Hold the Door County Cherry Pie

Tyler Holt is one of my all-time favorites. You might be thinking, is Tyler Holt that Game of Thrones character from season 3, who I totally forgot about until he returned out of nowhere, saved Jon Snow’s life, and subsequently became the new Commander of the Night’s Watch? Oh, no, you’re thinking of Eddison Tollett. We’re going to digress for a minute before we get all Thronesy up in here.

Tyler Holt is my boyfriend’s brother, but you can address him by his real name, Big Ty. Big Ty is an attender of music festivals, a rider of bicycles, a drinker of fine beers, and sometimes, a drinker of not-fine beers. Tyler’s a real fudging sweetheart. Big Ty is obsessed with Door County (Wisconsin) pies. For Thanksgiving last year, he even talked about having one shipped to Des Moines for $100. I’ve never technically had one, but I’ve always been intrigued by a pie that someone is willing to drop a Benjamin for. We’ll get back to talking pies later. It’s Thrones Time.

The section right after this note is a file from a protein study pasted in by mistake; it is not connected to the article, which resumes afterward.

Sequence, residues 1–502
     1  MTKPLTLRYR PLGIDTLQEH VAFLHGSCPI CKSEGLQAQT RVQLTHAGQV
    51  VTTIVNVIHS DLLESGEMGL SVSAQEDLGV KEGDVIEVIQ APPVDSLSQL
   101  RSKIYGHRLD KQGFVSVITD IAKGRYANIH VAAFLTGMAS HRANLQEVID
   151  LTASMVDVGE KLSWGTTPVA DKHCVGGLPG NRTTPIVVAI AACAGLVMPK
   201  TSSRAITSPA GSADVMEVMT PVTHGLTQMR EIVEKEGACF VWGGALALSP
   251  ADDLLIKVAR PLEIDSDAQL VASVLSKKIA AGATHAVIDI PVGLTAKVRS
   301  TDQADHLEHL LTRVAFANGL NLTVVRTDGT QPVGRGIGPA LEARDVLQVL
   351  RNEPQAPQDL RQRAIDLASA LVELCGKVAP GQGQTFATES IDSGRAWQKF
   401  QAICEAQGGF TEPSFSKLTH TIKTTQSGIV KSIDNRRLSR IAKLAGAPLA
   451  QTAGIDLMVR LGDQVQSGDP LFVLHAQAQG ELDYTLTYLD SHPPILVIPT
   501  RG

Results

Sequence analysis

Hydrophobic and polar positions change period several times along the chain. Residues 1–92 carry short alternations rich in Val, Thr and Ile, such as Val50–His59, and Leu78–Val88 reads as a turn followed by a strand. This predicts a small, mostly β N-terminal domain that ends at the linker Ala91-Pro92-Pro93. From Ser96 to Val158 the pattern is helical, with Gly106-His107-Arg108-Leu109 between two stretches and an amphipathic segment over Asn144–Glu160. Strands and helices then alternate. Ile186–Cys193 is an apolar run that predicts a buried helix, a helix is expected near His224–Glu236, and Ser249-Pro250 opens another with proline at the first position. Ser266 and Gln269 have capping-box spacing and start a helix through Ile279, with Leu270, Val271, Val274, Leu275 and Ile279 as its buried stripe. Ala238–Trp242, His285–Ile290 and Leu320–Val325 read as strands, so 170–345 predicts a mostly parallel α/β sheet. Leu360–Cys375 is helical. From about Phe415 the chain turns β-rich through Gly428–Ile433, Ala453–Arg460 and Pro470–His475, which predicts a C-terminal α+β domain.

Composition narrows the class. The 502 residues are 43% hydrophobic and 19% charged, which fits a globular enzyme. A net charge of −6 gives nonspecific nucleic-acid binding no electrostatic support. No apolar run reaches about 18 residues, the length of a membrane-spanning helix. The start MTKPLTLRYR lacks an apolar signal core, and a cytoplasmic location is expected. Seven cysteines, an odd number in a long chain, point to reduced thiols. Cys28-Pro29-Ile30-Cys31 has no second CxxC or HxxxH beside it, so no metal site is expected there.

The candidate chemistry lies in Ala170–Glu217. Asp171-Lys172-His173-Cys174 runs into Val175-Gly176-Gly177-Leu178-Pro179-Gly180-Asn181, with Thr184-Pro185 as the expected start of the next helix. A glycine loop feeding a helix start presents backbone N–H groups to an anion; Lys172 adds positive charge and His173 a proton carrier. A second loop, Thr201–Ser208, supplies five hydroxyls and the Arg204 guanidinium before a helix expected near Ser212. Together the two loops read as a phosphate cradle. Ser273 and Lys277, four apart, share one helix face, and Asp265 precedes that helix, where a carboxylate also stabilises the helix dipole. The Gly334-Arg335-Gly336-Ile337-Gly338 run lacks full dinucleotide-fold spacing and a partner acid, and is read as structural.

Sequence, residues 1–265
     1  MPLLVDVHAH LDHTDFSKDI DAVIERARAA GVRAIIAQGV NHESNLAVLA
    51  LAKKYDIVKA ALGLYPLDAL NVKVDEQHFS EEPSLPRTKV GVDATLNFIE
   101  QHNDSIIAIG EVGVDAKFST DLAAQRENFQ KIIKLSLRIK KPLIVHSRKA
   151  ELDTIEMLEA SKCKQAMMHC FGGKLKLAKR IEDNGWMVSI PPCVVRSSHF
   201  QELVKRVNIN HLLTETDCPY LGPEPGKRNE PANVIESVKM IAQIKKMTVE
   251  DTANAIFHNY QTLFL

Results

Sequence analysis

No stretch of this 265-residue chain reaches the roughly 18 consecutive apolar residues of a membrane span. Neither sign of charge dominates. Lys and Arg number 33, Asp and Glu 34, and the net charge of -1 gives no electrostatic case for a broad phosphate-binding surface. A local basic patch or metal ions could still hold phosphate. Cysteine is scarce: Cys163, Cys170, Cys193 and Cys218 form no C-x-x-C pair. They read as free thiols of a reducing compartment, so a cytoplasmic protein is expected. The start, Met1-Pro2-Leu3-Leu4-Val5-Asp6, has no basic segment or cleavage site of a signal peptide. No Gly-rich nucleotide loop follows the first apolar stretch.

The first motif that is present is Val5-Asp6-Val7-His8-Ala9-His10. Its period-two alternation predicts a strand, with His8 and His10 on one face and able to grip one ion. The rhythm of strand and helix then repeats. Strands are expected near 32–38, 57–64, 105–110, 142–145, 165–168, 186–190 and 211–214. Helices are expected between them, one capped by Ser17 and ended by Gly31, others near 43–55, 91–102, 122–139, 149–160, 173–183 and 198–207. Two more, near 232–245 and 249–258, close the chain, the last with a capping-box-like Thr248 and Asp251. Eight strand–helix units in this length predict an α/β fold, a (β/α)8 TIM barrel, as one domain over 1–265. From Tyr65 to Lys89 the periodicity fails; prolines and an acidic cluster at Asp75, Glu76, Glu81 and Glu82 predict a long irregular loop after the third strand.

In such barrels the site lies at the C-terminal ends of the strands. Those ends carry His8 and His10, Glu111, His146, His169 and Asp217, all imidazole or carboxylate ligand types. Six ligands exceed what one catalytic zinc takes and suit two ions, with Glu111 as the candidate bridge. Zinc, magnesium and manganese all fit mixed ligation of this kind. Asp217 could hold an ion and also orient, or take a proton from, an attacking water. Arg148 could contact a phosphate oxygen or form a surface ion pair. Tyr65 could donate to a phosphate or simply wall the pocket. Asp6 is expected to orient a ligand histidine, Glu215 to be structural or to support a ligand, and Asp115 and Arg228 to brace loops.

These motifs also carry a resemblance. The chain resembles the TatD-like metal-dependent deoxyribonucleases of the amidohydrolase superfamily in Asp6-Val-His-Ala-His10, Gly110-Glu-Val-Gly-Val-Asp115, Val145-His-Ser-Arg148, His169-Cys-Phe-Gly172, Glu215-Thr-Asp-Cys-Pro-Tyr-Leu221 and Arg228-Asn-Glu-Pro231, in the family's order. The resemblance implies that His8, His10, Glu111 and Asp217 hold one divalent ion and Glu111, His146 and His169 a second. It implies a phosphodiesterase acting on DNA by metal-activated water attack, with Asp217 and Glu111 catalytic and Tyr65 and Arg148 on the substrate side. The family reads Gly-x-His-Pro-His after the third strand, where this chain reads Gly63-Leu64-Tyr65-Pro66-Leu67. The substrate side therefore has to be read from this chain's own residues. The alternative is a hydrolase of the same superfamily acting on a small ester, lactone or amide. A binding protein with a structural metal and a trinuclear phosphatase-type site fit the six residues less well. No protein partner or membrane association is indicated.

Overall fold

I’ve never cried at a Game of Thrones episode, which is a little surprising, I guess. I’ve gotten a little misty here and there (RIP all tha direwolves!!!), but I’ve never full-on cried. Following the episode where Melisandra burned Shireen alive at the stake, which admittedly, was a pretty terrible thing to do, I scrolled through an ocean of broken heart and cry-face emojis on Facebook. I felt bad because, honestly, I was more affected by the dragon that got shot by an arrow that episode. So, people, if you think you can get to me by setting a mildly disfigured, yet adorable, child with an admirable love for literacy ablaze, you are sorely, sorely mistaken.